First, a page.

563
CHAPTER FIFTEEN
Cardiovascular System
The smaller branches of these arteries usually have con-
nections (anastomoses) between vessels that provide alter-
nate pathways for blood, called collateral circulation. These
detours in circulation may supply oxygen and nutrients to
the myocardium when a coronary artery is blocked.
FIGURE 15.14
An angiogram (radiograph) of the coronary arteries
is a diagnostic procedure used to examine speciF
c blood vessels.
Aorta
Cardiac veins
Coronary sinus
Right atrium
Right coronary artery
Left coronary artery
Posterior
interventricular
artery
Anterior
interventricular
artery
Marginal
artery
Circumflex
artery
Myocardial
capillaries in
ventricular
walls
Myocardial
capillaries in
walls of right
atrium and right
ventricle
Myocardial
capillaries in
walls of left
atrium and left
ventricle
Myocardial
capillaries in
ventricular
walls
FIGURE 15.15
±Path±
of blood through the
coronary circulation.
Branches of the
cardiac veins
drain blood that has
passed through the capillaries of the myocardium. Their
paths roughly parallel those of the coronary arteries. As F g-
ure 15.13
b
shows, these veins join the
coronary sinus,
an
enlarged vein on the posterior surface of the heart in the
atrioventricular sulcus. The coronary sinus empties into the
right atrium.
Figure 15.15
summarizes the path of blood that
supplies the tissues of the heart.
In most body parts, blood fl ow in arteries peaks during
ventricular contraction. However, blood fl
ow in the vessels
of the myocardium is poorest during ventricular contrac-
tion. This is because the muscle F
bers of the myocardium
compress nearby vessels as they contract, interfering with
blood flow. Also, the openings into the coronary arteries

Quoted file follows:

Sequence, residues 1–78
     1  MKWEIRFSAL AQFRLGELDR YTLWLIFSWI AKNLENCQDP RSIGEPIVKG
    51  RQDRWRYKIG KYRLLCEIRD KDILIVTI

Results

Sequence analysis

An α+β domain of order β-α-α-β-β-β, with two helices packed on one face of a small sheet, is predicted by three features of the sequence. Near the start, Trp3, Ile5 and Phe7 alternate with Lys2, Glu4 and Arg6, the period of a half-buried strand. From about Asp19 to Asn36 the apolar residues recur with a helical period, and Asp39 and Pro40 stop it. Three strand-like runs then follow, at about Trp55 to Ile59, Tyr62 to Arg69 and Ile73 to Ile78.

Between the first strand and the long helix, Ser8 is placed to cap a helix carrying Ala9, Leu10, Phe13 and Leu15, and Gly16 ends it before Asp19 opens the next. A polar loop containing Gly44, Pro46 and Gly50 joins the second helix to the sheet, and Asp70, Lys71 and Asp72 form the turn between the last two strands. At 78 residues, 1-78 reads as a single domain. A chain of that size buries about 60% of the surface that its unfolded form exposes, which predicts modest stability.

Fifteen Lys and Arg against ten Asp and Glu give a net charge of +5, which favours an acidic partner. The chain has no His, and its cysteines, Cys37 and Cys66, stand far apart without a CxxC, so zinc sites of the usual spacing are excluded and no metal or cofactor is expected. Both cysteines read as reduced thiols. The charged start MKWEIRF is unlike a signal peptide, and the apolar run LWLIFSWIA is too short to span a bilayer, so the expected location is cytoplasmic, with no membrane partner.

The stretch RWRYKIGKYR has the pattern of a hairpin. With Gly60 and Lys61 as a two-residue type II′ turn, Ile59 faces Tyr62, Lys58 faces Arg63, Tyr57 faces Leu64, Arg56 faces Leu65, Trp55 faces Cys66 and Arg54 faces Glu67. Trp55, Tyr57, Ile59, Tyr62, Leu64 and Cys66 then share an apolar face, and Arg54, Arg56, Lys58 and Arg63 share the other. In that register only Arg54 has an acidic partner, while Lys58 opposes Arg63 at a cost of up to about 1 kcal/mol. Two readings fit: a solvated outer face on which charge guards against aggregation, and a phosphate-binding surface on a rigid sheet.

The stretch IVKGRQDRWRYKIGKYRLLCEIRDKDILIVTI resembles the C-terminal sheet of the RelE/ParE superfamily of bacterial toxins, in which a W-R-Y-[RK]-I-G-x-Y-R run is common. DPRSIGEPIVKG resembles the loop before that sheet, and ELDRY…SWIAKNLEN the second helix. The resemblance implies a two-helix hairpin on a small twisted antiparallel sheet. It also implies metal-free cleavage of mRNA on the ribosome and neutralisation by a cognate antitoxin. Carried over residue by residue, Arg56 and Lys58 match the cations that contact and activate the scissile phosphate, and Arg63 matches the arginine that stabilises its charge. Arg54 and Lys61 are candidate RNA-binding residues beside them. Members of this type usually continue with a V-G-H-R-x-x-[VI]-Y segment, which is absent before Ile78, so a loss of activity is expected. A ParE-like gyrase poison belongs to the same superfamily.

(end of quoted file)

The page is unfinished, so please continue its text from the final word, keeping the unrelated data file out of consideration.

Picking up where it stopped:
are partially blocked as the fl
aps of the aortic valve open.
Conversely, during ventricular relaxation, the myocardial
vessels are no longer compressed, and the aortic valve does
not block the oriF
ces of the coronary arteries. This increases
blood fl
ow into the myocardium.
A thrombus or embolus that blocks or narrows a coronary artery
branch deprives myocardial cells of oxygen, producing ischemia and
painful
angina pectoris.
The pain usually occurs during physical activ-
ity, when oxygen requirements exceed supply. Pain lessens with rest.
Emotional stress may also trigger angina pectoris.
Angina pectoris may cause a heavy pressure, tightening, or
squeezing sensation in the chest. The pain is usually felt behind the
sternum or in the anterior portion of the upper thorax, but may radi-
ate to the neck, jaw, throat, shoulder, upper limb, back, or upper
abdomen. Other symptoms include profuse perspiration (diaphore-
sis), di²
culty breathing (dyspnea), nausea, or vomiting.
A blood clot completely obstructing a coronary artery or one
of its branches (coronary thrombosis) kills part of the heart. This is a
myocardial infarction
(MI), more commonly known as a heart attack.
previous page 593 David Shier Hole's Human Anatomy and Physiology 2010 read online next page 595 David Shier Hole's Human Anatomy and Physiology 2010 read online Home Toggle text on/off